It wasn’t until the 1980s, however, that De Beers started telling men two months’ salary was the socially acceptable amount to spend on an engagement ring. And it worked, primarily because Americans had already internalized the idea that the engagement ring was obligatory. Now De Beers wanted them to pay through the nose for it.

“There’s really no black-and-white answer,” Susan says when I ask how much men spend on engagement rings nowadays. “It’s all relative. People spend what they’re comfortable with.”

This isn’t what I anticipated. Susan is a diamond specialist for Tiffany & Co., meaning she walks clueless guys (in this case, me) through the complicated engagement ring purchase process. People like her are on call 12 hours a day Monday through Friday and seven hours a day on Saturday and Sunday. In-store consultations are available as well. Part of the evil genius of De Beers’ “Diamonds Are Forever” campaign—and engagement rings, in general—is guys are generally hopeless when it comes to all things jewelry, making them susceptible to predatory salespeople.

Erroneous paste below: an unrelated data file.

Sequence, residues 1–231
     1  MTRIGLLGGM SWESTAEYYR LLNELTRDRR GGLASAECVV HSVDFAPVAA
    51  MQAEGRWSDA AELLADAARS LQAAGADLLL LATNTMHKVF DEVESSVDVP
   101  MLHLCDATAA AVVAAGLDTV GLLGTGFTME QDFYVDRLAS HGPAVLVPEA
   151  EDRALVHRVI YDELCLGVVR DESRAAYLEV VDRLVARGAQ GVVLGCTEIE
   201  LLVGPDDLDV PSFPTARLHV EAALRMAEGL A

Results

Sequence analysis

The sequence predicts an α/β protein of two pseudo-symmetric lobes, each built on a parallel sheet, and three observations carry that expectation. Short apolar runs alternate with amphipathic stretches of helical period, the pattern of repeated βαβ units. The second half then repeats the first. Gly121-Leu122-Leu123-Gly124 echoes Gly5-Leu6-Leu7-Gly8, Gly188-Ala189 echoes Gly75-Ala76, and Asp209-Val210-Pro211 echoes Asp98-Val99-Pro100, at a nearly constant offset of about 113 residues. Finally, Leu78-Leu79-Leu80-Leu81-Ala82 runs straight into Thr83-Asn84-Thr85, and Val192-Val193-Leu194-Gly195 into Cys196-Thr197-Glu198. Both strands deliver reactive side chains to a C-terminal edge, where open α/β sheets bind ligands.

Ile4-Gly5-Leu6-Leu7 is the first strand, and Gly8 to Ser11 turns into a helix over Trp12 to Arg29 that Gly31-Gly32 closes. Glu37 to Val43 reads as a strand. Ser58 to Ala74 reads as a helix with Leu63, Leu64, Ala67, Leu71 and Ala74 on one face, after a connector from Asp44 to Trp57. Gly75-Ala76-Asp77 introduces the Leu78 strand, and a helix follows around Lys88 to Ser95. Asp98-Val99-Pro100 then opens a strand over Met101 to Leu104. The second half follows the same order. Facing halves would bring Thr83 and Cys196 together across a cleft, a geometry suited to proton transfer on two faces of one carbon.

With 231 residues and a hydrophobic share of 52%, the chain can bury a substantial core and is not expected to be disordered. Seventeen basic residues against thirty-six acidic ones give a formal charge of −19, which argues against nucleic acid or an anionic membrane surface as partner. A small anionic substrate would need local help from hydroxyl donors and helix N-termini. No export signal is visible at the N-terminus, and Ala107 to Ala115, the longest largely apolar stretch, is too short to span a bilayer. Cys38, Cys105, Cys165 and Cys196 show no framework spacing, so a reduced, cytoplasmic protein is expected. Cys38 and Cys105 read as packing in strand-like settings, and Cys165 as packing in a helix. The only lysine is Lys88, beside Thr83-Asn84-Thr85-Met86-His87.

So I fully expected Susan to try to swindle me out of at least one-sixth of my annual salary, and say something passive-aggressive like, “Now, if you really love her, you’ll buy this ring here.”

But instead, she’s sweet and understanding, and refuses to tell me how much she thinks I should spend on a ring for my hypothetical engagement to my hypothetical girlfriend. She even declines to tell me whether the two-month salary rule is still the norm. Just today, she had one guy spend $5,000, and another shell out $25,000.

Rather, she suggests I find out what kind of ring my (fake) fiancée enjoys wearing, determine an amount I’m comfortable spending and go from there.

Her suggestion is in line with a new trend of heterosexual couples picking out the woman’s engagement ring together, according to Terri Orbuch, professor of sociology at Oakland University, where she studies the intersection of relationships and finance.

Women still expect men to ask them in a novel, surprising fashion, Orbuch says. But most couples now discuss marriage well before the actual proposal, and part of that discussion includes women choosing their own rings. “I speak to more and more women who say that the most important thing to them is to go with the man and pick the ring out,” Orbuch says.